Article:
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1 The Jerome Levy Economics Institute of Bard College Public Po l i c ybrief No. 53A, July 1999 Full Employment Has Not Been Achieved Dimitri B. Papadimitriou In March and May 1999 the unemployment rate was only 4.2 percent, but unemployment rates as conventionally measured cannot tell the entire story. The job landscape does not seem so rosy when one considers that in addition to the millions of o fficially unemployed there are at least 4.5 million who are no longer counted as part of the labor force but would be willing to work if a job were available and there a re close to 4 million people who are counted as employed but are involuntarily working part-time. Many welfare recipients who are forced off the rolls are unable to find work. To make matters worse, unemployment is underestimated if one applies the concept of disguised unemployment, that is, growing employment in services, whose productivity is low compared with productivity in manufacturing. Policymakers have come to accept the notion that there is a natural rate of unemployment below which unemployment cannot fall without c reating inflation. According to this notion, price stability and the labor market flexibility that enables the private sector to respond to changes in demand depend on the existence of a reserve pool of labor, millions of individuals who are ready, willing, and able to work but must remain idle. Claims that the nation has reached full employment take for granted the need for this reserve, but is this the best we can do during the longest peacetime expansion in our history and what will happen when the inevitable downturn comes? Can we achieve truly full employment in the sense that all individuals who want to contribute to the American economy and society can find productive work commensurate with their abilities? Policymakers must craft employment policies that uphold every individual s basic right to a job and that, at the same time, are not inflat i o n a ry, do not interf e re with decisions of individual firms, do not rely on the failed appro a c h The full text of this paper is published as Levy Institute Public Policy Brief No. 53. The Jerome Levy Economics Institute is publishing this proposal with the conviction that it represents a constructive and positive contribution to the discussions and debates on the relevant policy issues. Neither the Institute s Board of Governors nor its Board of Advisors necessarily endorses the proposal.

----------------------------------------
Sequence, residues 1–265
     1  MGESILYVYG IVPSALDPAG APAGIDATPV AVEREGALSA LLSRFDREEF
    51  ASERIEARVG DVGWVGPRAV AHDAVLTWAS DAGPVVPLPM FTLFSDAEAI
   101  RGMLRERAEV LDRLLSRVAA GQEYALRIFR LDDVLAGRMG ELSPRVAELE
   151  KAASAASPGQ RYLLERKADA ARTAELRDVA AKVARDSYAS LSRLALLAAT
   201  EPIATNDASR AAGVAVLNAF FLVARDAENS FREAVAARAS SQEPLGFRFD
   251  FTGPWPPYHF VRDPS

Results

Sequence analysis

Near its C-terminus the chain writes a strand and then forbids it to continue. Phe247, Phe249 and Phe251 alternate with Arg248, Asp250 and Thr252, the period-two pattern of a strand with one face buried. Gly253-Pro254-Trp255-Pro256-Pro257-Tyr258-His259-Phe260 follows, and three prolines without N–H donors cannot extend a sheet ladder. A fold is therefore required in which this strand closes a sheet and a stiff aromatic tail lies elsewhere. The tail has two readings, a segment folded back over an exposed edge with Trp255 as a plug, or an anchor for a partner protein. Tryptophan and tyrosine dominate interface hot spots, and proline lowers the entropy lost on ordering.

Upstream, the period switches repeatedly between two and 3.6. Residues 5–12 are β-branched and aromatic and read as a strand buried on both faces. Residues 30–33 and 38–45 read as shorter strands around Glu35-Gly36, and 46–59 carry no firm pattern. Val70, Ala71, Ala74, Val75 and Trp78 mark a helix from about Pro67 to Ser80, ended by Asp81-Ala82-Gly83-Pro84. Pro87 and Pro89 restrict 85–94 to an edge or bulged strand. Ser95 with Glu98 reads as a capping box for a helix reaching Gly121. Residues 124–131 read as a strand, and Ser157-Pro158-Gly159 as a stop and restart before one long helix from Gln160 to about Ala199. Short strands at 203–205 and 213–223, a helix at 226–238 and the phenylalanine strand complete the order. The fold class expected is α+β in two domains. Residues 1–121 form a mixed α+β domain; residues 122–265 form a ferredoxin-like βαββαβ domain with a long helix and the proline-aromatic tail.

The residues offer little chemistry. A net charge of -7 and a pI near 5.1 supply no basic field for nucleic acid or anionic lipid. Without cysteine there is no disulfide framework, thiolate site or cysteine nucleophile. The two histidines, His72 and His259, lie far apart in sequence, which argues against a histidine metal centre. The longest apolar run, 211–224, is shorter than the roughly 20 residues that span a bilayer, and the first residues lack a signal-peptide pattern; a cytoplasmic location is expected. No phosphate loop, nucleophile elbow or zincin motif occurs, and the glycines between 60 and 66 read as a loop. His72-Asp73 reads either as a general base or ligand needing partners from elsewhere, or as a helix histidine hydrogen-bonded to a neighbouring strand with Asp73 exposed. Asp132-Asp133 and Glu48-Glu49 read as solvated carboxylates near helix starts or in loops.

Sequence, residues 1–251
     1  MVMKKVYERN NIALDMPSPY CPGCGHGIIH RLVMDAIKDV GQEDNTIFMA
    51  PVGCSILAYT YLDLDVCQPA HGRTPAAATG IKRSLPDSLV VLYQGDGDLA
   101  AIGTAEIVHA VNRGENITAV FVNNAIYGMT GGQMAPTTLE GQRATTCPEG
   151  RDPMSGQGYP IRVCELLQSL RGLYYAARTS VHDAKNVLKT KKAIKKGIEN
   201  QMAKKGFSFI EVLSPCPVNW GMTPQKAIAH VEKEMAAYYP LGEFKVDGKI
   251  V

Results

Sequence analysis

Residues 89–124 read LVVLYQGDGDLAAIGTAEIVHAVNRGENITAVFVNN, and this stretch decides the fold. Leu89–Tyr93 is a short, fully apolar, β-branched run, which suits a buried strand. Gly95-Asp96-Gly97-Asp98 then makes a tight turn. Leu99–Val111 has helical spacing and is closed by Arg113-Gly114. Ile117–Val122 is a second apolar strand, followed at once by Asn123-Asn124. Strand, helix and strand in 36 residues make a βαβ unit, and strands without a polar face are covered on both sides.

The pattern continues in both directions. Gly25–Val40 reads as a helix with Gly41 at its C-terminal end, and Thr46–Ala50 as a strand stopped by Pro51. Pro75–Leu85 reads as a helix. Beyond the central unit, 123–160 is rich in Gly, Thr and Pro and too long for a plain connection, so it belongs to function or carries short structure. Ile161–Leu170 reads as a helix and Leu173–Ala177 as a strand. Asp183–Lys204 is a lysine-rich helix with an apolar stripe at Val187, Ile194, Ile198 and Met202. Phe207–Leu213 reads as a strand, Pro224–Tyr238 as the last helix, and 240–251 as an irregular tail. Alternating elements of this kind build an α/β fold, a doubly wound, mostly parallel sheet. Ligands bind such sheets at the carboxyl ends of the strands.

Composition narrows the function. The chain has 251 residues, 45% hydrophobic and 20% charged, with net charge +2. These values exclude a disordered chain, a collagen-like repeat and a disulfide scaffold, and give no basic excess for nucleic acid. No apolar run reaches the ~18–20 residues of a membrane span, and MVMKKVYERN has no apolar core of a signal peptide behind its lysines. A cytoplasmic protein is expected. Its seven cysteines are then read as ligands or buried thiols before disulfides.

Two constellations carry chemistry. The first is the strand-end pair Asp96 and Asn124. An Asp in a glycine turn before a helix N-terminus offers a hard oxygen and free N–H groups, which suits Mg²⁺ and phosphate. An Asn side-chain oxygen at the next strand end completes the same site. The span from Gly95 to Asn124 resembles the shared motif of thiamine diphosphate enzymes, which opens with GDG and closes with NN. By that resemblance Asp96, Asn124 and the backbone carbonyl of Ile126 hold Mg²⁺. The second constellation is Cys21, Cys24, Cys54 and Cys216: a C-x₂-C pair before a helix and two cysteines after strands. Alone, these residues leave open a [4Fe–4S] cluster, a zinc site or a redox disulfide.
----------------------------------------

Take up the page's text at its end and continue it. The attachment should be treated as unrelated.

2 of fine-tuning aggregate demand, and are consistent with the fundamental premise that, to the extent possible, socially p roductive work is preferable to income maintenance. This brief examines three measures that have been proposed to achieve higher employment reduction of the workweek, employment subsidies, and public service employment to d e t e rmine which best meets these re q u i re m e n t s. Reduction of the Workweek The principal arguments made in favor of reduction of the workweek and other work-sharing arrangements (such as job sharing and phased retirement) are that they redistribute work over people so as to reduce the extent of involuntary unemployment (Drèze 1986, 1), provide flexibility, and promote power sharing in the workplace. Reduction of the workweek has been introduced as a mechanism to counter high unemployment at various times by governments and trade unions in Germany, France, The Netherlands, Belgium, Australia, and other countries. It not only has failed to enlarge the pool of employed workers but also has had such negative side effects as loss of output, inflation, and imbalance of trade (Owen 1989, 141). Reduction of the workweek is a strategy that is not likely to be tried in the United States, where work hours have been increasing through overtime as a means for employers to cut costs (they do not pay benefits on overtime work) and for employees to boost income. The increase in hours between 1982 and 1995 is approximately equivalent to adding 3.7 million new workers to the labor force (Bluestone and Rose 1998, 35). All individuals who want to work cannot be employed by s p reading the work of those who are already employed. M o re o v e r, working time reductions instituted during periods of persistently high unemployment can become perm a- nent, thereby increasing the already significant number of individuals who are chronically under- or unemployed. To The design of the public service employment program ensures that federal spending will rise only to the point at which all involuntary unemployment is eliminated. Once there are no workers willing to accept a job, deal adequately with structural unemployment re q u i res not rationing work, but making more work. Employment Subsidies spending will not increase.... Subsidies for rewarding work already exist in the form of the earned income tax credit (EITC), and a negative income tax has often been proposed as a means to promote employment. Evidence for the effectiveness of the EITC is mixed, and it has been criticized for many reasons: it is vulnerable to abuse since it does not take into account nonwage income; it is directed mainly to heads of households and neglects many poor, single workers; it intervenes in labor markets by depressing wages; it provides the least incentive to work to those whose job commitment is the weakest, since the potential benefits for them are low (Phelps 1997). The negative income tax works more to alleviate inequitable distribution of income than to induce workers to find and hold a job. Edmund Phelps has presented a more extensive plan for subsidizing the employment of low-wage, lower-skilled workers (1994a, 1994b, 1997). He contends that employment subsidies can act as an impetus to employ more people who are currently unemployed or not in the labor force. Subsidies offset the cost to employers of hiring additional workers, and the higher wages that result from subsidies are an incentive for disadvantaged workers to enter the labor force. These individuals may otherwise be susceptible to engaging in illegal activities or relying on public assistance (Phelps 1994b, 57). Phelps estimates that the initial cost of his proposed employment subsidy would have been about $125 billion in He is not concerned about the cost of his proposal, since he calculates that a small increase in the payroll tax (2.5 percent) can finance it. Even though Phelps refers to his scheme as a market-based a p p roach, the plan entails significant interf e rence with employer decisions, thereby distorting the market mechanism. There is a question as to whether a firm s behavior will The Jerome Levy Economics Institute of Bard College 2